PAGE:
As COTS’ CEO, each month I take a moment to consider what I want our community to know about our organization and our progress in serving Sonoma County’s homeless. I look forward to sharing these thoughts with you in this Virtual Cup of Coffee – my monthly communique about the business and mission moments of COTS (Committee On The Shelterless).

My best,

Climate Change and Homelessness

The City of Petaluma’s Climate Action Commission was established in 2019 to address and elevate climate issues to the City’s highest priority. Climate change and mitigation is at the center of the City’s goal setting, creation of policies and procedures, and allocation of resources. With drought, soaring temperatures, and seasonal fires, climate change is real and the Commission is the right thing to do.

In its inspiring document, Climate Emergency Framework, one of the Commission’s Values is the creation of Social and Ecosystem Resilience Together. That means a holistic thinking that aligns sustainable economies with thriving ecologies including a reduction of pollutants and toxins, restoration of ecosystems, improvement in public health, community cohesion, and well-being. The Framework acknowledges that “frontline and marginalized communities are already disproportionately negatively affected by climate change.” The disproportionately affected include those experiencing homelessness.

So what is COTS doing to create Social and Ecosystem Resilience Together? Lots. But first, let me share some numbers as context.

At the Mary Isaak Center, we: have 80 regular shelter beds; 6 beds for homeless patients who are discharged from the hospital and need a place to recover; 12 beds in our supportive housing program; serve 4,500 meals per month on average; work with up to 110 volunteers per month as we come out of COVID; and have 45 employees. This is a lot of human activity that uses considerable energy and water.

At the Mary Isaak Center, we: replaced all lights with energy efficient LED lights; are investing $30,000 in new Energy Star Certified washers and dryers that use 25% less energy and 33% less water; installed touch-less water faucets in all bathrooms, low-flow water faucets in the kitchen, and low-flow shower heads in the showers; replaced the kitchen dishwasher with a steamer that uses 75% less water; reduced our total water usage from a high of 19,387 cubic feet per month in 2019 to 11,376 cubic feet per month in 2021 for a 41% reduction; replaced our gas powered leaf blower and lawn mowers with battery-powered units; partner with Protein Products in Petaluma to take all food waste/scraps to create protein products for animals; and recycle all cardboard, plastics, cans, and glass.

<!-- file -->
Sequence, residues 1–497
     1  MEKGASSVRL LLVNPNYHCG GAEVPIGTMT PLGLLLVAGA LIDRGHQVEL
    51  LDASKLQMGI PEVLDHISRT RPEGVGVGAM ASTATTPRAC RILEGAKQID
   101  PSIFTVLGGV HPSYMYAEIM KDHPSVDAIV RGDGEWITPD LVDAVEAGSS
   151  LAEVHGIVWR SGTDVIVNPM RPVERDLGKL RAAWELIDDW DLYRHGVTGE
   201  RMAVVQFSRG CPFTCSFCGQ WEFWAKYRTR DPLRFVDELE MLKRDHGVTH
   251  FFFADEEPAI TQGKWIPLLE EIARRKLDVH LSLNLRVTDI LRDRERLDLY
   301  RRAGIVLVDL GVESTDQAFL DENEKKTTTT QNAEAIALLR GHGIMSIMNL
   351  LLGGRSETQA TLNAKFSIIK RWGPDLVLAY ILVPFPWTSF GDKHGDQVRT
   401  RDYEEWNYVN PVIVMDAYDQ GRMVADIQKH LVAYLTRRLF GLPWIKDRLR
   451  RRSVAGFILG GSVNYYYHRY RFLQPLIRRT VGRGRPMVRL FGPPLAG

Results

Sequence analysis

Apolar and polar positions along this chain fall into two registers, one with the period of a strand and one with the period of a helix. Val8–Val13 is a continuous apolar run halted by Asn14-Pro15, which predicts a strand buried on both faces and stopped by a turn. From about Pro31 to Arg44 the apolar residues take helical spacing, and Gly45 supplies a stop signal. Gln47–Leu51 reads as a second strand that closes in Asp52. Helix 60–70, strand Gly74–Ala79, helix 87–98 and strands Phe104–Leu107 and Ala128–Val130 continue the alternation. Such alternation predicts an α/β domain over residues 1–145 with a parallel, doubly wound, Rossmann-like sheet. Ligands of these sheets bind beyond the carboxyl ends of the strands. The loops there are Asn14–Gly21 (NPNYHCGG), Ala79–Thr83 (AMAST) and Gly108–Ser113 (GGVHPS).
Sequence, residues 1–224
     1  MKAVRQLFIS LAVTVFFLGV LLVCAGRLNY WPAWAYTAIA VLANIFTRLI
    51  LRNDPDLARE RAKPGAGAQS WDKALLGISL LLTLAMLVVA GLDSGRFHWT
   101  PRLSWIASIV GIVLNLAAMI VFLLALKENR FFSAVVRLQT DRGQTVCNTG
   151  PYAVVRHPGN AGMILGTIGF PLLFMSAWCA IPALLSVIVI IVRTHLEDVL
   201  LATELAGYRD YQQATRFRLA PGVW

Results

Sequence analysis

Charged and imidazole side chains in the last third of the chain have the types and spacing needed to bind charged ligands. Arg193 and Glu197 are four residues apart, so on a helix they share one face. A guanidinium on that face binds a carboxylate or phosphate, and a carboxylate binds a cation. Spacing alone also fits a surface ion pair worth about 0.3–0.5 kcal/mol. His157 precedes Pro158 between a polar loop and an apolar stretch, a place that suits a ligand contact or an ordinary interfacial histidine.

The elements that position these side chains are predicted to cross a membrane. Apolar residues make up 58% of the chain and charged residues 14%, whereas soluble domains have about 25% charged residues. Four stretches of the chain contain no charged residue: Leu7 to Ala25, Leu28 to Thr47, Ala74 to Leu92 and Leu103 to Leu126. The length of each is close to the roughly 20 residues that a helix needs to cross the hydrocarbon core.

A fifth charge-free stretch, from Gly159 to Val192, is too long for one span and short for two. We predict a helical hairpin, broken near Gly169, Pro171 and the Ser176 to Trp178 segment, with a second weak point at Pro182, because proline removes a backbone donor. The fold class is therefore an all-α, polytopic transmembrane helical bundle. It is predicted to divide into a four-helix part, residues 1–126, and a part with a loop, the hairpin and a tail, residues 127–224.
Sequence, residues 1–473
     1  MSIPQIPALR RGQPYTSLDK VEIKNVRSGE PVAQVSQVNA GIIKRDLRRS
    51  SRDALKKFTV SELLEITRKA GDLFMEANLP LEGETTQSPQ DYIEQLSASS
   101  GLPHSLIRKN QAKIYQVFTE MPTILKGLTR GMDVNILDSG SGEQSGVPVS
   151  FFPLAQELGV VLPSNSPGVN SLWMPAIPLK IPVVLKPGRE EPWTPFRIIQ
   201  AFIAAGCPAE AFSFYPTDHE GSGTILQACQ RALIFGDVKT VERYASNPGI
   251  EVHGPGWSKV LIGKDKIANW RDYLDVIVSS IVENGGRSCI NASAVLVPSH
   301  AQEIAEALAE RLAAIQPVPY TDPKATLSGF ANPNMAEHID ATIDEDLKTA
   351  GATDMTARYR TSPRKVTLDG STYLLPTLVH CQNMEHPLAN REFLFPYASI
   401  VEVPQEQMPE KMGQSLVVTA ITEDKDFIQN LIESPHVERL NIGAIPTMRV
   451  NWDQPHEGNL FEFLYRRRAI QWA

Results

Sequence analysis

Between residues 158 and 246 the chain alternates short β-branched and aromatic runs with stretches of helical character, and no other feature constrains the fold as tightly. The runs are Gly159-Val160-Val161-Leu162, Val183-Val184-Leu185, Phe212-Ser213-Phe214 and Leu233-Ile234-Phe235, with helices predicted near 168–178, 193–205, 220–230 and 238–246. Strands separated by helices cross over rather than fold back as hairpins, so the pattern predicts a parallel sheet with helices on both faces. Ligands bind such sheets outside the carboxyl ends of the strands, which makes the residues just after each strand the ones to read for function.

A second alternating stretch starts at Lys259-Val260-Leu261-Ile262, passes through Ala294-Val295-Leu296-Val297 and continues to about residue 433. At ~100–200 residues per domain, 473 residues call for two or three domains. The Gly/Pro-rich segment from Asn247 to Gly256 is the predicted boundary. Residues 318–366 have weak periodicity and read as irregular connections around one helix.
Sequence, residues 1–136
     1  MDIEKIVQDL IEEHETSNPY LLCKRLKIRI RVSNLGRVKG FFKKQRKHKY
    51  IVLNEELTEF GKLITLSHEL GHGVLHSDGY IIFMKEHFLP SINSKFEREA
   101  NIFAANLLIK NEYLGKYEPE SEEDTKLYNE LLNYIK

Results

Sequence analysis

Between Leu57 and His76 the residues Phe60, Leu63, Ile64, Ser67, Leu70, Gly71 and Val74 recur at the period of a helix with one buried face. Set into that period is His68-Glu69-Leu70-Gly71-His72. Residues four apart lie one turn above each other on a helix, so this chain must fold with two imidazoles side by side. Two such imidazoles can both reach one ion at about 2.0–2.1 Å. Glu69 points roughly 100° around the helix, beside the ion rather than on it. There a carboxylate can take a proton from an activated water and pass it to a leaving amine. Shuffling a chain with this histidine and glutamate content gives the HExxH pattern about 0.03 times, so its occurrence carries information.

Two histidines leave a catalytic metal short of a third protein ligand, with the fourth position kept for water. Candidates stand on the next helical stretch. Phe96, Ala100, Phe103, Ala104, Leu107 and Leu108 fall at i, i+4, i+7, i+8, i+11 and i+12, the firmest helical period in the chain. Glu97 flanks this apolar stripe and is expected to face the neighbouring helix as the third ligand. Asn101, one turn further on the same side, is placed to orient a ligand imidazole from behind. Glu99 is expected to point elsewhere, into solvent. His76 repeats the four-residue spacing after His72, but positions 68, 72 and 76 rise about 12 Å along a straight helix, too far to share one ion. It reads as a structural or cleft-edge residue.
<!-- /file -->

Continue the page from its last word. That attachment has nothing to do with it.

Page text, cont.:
We are also having active conversation about a COTS campus expansion that could include safe parking, sanctioned encampments, even tiny homes. As mentioned in my May Virtual Coffee about environmental justice, we know the damage that encampments can do to the natural habitats and ecosystems. We believe that moving the unsheltered to a safe and dignified area where they also have access to clean water, sanitation, bathrooms and showers, laundry facilities, and get access to much needed medical and social services could provide for a safe and dignified life. We want to be good stewards of our environment, improve our ecological health, be an example for climate mitigation for other shelters, while also caring for the unsheltered with all the dignity, respect, and safety they deserve.

Petaluma Climate Action Commissioner Ned Orrett said, “the earth is a marvelously interconnected living system.” The Framework also said that “climate equity and environmental justice help heal systemic social injustices and ensures all community groups have the resources to use non-polluting energy systems and live in environmentally healthy communities.” Our goal at COTS is to maximize opportunities for all unsheltered and sheltered people to live in clean and healthy environments that protect against the impacts of climate change and environmental pollutants. It is the right thing to do.

Until next month,

Chuck Fernandez